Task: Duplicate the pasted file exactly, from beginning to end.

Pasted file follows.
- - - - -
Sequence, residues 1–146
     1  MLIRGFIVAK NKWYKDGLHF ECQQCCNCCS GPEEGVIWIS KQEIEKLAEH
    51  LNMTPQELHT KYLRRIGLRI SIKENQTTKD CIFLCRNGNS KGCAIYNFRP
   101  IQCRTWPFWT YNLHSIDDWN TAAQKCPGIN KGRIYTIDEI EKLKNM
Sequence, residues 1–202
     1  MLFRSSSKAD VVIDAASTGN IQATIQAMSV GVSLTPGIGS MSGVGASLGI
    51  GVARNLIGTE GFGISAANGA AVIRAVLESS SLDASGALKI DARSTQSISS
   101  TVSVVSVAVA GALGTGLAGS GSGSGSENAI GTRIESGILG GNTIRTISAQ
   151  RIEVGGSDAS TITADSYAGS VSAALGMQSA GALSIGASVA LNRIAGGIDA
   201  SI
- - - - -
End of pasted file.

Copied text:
Sequence, residues 1–146
     1  MLIRGFIVAK NKWYKDGLHF ECQQCCNCCS GPEEGVIWIS KQEIEKLAEH
    51  LNMTPQELHT KYLRRIGLRI SIKENQTTKD CIFLCRNGNS KGCAIYNFRP
   101  IQCRTWPFWT YNLHSIDDWN TAAQKCPGIN KGRIYTIDEI EKLKNM
Sequence, residues 1–202
     1  MLFRSSSKAD VVIDAASTGN IQATIQAMSV GVSLTPGIGS MSGVGASLGI
    51  GVARNLIGTE GFGISAANGA AVIRAVLESS SLDASGALKI DARSTQSISS
   101  TVSVVSVAVA GALGTGLAGS GSGSGSENAI GTRIESGILG GNTIRTISAQ
   151  RIEVGGSDAS TITADSYAGS VSAALGMQSA GALSIGASVA LNRIAGGIDA
   201  SI